Introduction: Assemble a Laser Cut Living Hinge Box

About: I'm currently experimenting with hardware and woodworking projects at TechShop SF that help me to reduce anxiety.

In this tutorial, I'll step through how I assembled a laser cut living hinge box. My box stores 3x4" custom name badges from ProjectIcebreak, but yours can store all kinds of things! :-)

You'll need these supplies:

Step 1: Cut the Pieces

First download the files for this Flex Box project on Thingiverse and modify them as needed to suit your needs and laser cutter.

For my box, I modified the AI files in Adobe Illustrator so that my box would be smaller and have custom etching. I etched on both sides of the box cover, so I put my plywood through 2 runs on the laser cutter. If you'd like a smaller box, you can download my AI file from Thingiverse instead.

Step 2: Sand the Pieces

Then use sanding sponges to sand both sides of each piece to remove char marks. Start with 60 grit and finish with a higher grit, like 180 grit.

(The flexible sanding sponges are great, as they make it easier to get into small places.)

Step 3: Glue the Pieces

This step uses the technique shown in this Youtube video. Lay out all your pieces flat, interlocking the pieces together. Run wood glue along the seams between the pieces. Then rotate the two side pieces so that you can also run glue along the seam between the front edge and side edge.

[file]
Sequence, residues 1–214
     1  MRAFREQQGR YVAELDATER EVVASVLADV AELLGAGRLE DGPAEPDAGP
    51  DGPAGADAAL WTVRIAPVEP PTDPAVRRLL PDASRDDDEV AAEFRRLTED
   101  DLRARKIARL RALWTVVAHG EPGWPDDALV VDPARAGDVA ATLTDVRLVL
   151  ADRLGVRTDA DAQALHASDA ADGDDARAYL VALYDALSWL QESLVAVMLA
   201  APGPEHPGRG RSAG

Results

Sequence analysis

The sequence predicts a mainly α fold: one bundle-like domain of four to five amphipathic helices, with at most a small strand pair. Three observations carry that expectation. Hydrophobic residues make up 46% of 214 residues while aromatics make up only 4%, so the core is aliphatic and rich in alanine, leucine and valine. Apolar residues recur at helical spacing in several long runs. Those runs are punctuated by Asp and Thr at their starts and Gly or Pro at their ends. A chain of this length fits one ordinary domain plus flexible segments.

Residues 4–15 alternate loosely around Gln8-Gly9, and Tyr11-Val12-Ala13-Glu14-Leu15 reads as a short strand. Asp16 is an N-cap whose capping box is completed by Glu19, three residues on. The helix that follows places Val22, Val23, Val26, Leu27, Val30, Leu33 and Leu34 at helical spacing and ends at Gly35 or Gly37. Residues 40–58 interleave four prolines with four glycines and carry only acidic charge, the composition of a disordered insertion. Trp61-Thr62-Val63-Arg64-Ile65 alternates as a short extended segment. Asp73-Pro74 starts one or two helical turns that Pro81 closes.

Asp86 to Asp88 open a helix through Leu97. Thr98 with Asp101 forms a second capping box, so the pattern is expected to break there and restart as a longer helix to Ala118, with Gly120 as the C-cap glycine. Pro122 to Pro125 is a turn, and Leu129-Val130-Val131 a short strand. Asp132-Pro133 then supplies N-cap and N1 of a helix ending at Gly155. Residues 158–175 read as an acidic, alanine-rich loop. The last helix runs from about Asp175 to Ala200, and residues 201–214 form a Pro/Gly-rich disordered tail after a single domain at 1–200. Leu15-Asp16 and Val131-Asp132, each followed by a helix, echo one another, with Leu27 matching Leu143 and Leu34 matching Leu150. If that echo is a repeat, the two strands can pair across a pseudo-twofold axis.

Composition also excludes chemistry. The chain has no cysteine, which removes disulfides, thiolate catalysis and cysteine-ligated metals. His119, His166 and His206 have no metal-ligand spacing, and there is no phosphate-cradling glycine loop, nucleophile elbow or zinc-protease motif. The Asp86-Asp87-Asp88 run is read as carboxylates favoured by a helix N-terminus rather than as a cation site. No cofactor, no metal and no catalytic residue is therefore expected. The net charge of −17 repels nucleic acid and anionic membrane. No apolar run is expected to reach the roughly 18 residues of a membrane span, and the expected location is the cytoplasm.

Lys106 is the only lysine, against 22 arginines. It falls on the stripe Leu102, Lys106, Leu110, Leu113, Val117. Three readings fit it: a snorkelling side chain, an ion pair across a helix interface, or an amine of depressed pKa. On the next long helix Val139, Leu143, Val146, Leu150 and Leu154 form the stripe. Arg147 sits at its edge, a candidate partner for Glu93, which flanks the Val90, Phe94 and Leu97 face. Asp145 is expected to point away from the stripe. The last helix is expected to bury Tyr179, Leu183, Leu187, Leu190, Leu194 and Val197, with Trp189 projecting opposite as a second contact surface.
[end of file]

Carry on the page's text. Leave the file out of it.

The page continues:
Next rotate all the pieces upwards to form the box.

Step 4: Remove Excess Glue

Use a wet paper towel to wipe off excess glue. After you wipe off excess, press the seams together again, and wipe off additional glue that comes out.

Step 5: "Clamp" the Glued Box

Bend the cover over the box and stretch multiple rubber bands over the entire box. Continue checking the sides and front of the box and press in on any areas that don't seem aligned correctly.

You could probably use real clamps for this step too, but the rubber bands work surprisingly well.

Step 6: (Optional) Stain the Outside

If you'd like to give the box more sheen and protection, you can brush on a finish like Minwax Polycrylic Satin Finish.

Note: The photo shows an unfinished box on the left and a finished box on the right. Both look good to me, but I opted to brush a finish on the exterior surfaces to give it a little more protection from water spills.

Step 7: Insert Elastic Cord

Insert a piece of elastic cord into the holes on the bottom, so that the ends are poking through on the inside.

In my case, I found lots of leftover elastic cord in my sewing kit, but you could buy it if needed, or upcycle old conference lanyards. If you find barbed elastic cord that matches the size of your box, then you can even skip the next step of sewing the ends together.

Step 8: Size the Elastic Cord

Now you need to determine how long your elastic cord should be. You can do that by sticking a pin through both cords at a point, checking the fit by stretching the cord over the box, and continually readjusting the pin until you find a great snug fit.

Step 9: Stitch the Cord Together

Find matching thread and hand-stitch the ends of the elastic cord together, at the point you found in the last step. Cut off excess thread and elastic after.

If you don't like the look of the visible hand-stitching, you could cover it in some creative way, like with ribbon or a button.

Step 10: Enjoy Your New Box

The box is complete! Show it to all your friends and family, watch them marvel at the wonder of the living hinge. :)